Amazon began its push to leverage Whole Foods’ store footprint as a competitive advantage with Prime members on Thursday, February 8, a move that will likely force others in the grocery space to respond and quickly. Amazon, which captured 18% of the total online grocery market in 2017, according to research firm One Click Retail, today announced plans to offer online grocery delivery from Whole Foods locations in four markets – Austin, Cincinnati, Dallas, and Virginia Beach – through its Prime Now two hour or less delivery program. Amazon notes that shoppers will be able to get free two hour delivery of online orders from Whole Foods. If a shopper wants their order delivered quicker, Amazon will charge $7.99 for one hour or less delivery for orders of $35 or more. In announcing the move, Amazon says that it “plans to expand across the US in 2018.” Prime is Amazon’s wildly popular subscription service that charges shoppers an annual fee of $99 or a monthly fee of $12.99 for access to perks such as free shipping and streaming video. Amazon doesn’t release the exact numbers of Prime members, though data from securities research firm Consumer Intelligence Research Partners (CIRP) indicates that the figure could be as high as 90 million in the US. Per Mintel’s report on retailer loyalty programs, seven in 10 Americans participate or are interested in Amazon Prime.

Why this is a big deal?

Low risk/high reward
  • For Amazon, this is a relatively low risk test run which will allow the company to test same-day grocery delivery from Whole Foods at a limited number of stores.
  • Amazon gets to see how shoppers are going to use the offering, learn about what it needs to do to handle the produce to allay any potential concerns about shoppers buying it online and work out other kinks before expanding it to other major markets.
Online grocery is expected to grow, and quickly
  • Amazon testing integration of Prime Now with Whole Foods comes at a time when shoppers’ attitudes toward online grocery shopping are changing and online grocery sales are expected to grow quickly. Investment banking firm Cowen & Co. projects that online grocery sales will grow at a compound annual rate of 20.21% in the US from a projected $70.6 billion in 2017 to $177.3 billion by 2022, a growth rate that far outpaces overall e-commerce growth in the US during the same period.
  • According to Mintel’s grocery retailing research, a third of consumers who are primary grocery shoppers in their household buy groceries online; however, three in five report that they have some interest in buying groceries online.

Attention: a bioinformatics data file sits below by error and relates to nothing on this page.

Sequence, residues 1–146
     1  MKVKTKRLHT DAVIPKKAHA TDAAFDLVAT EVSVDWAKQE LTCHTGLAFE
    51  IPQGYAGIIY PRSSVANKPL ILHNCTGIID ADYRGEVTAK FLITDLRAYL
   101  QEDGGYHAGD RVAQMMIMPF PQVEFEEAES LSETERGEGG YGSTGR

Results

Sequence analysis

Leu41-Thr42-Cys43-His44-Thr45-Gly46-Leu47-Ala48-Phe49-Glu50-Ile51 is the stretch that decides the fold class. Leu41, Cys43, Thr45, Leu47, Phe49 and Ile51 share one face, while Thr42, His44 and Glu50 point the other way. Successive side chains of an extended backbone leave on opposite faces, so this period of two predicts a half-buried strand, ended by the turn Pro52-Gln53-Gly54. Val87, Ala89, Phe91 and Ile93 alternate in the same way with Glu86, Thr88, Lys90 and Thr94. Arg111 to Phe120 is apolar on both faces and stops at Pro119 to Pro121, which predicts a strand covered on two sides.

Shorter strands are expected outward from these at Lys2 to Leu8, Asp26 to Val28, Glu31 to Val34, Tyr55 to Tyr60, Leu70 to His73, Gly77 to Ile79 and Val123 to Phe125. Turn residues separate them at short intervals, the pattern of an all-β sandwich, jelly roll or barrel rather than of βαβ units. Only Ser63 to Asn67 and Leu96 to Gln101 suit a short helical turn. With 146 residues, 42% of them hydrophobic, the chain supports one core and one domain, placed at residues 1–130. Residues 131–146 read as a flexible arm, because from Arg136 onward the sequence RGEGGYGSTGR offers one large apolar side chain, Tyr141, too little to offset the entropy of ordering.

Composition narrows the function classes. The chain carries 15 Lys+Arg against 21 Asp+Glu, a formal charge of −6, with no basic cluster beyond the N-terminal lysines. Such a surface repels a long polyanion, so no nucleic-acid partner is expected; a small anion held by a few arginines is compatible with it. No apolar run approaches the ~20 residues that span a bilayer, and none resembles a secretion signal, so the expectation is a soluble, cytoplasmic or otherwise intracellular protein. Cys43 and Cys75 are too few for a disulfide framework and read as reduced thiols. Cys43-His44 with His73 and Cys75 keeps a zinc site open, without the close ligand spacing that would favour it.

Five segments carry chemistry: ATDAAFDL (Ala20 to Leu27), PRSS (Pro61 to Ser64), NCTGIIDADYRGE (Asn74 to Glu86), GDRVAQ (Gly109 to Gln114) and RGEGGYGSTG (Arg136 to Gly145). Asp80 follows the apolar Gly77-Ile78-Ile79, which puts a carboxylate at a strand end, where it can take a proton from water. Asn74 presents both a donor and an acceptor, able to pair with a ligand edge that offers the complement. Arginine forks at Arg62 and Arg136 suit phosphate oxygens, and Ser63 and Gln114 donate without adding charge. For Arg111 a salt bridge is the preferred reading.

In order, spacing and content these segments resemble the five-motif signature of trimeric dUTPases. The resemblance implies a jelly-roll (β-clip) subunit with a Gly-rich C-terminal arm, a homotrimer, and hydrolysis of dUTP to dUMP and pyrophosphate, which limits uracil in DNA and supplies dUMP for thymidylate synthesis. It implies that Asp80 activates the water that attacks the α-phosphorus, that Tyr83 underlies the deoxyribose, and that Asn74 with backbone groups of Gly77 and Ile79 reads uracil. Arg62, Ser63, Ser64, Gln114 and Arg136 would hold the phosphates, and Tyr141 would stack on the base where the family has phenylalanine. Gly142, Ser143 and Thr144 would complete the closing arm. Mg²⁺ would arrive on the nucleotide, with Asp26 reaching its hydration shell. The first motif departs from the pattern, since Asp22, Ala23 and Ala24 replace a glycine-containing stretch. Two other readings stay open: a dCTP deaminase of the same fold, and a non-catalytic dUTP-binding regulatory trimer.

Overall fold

Shoppers aren’t buying produce online – yet
  • In announcing the Prime Now integration with Whole Foods, Amazon stressed that shoppers will be able to buy fresh produce, meat and seafood online. This is a key part of the announcement because data shows that shoppers are hesitant to buy those products online and when Amazon’s $13.7 billion acquisition of Whole Foods was announced last year, industry experts thought that Whole Foods’ reputation for quality produce was one of the main enticements.
  • Mintel consumer data shows that only 6% of all US consumers  purchase produce from an online-only retailer, while just 5% buy fresh meat, poultry or seafood from an online-only retailer, among the lowest of all categories surveyed. Mintel’s vegetables market research shows that only 18% of US shoppers buy fresh vegetables from an online retailer such as Amazon or Jet.com.
  • Shoppers knowing that they’re getting these products quickly and from Whole Foods, which has an excellent reputation for quality produce, will likely be an enticement for them to buy those products sight unseen. Shoppers also know that the products are coming from a local store, which can help alleviate concerns regarding freshness or quality.

Younger shoppers will be driving growth

By testing out same day grocery delivery of Whole Foods orders, Amazon potentially gives itself a leg up with younger shoppers, who have shown that they are more interested in buying groceries online. Three quarters of 25-34-year-olds who are responsible for household grocery shopping have some interest in buying groceries online, as well as seven in 10 18-24-year-olds, compared to just over a third of primary grocery shoppers who are 65+. Mintel research also shows that younger shoppers are more likely to buy fresh vegetables online, with a quarter of 18-24s and a third of 25-34s reporting they buy fresh vegetables online, compared to just 9% of those aged 55+.

So, should grocers be worried?

The answer is…well, kind of. Any time Amazon does anything in any space, competitors are forced to follow suit, lest they get left behind. In this case, brick-and-mortar grocers do need to start thinking about how they’re going to distinguish themselves and expand their own online offerings. Not all Amazon shoppers are Whole Foods shoppers, and not all Whole Foods shoppers are Amazon Prime members. That being said, once Amazon begins to expand the Prime Now offering beyond the four markets that it’s currently being tested in, there is the potential for more of those non-Whole Foods shoppers who have an Amazon Prime membership to be wooed away based on the simple fact that Amazon is removing some of the barriers to entry to online grocery shopping, which in this case are time, cost, and concerns about the quality of produce.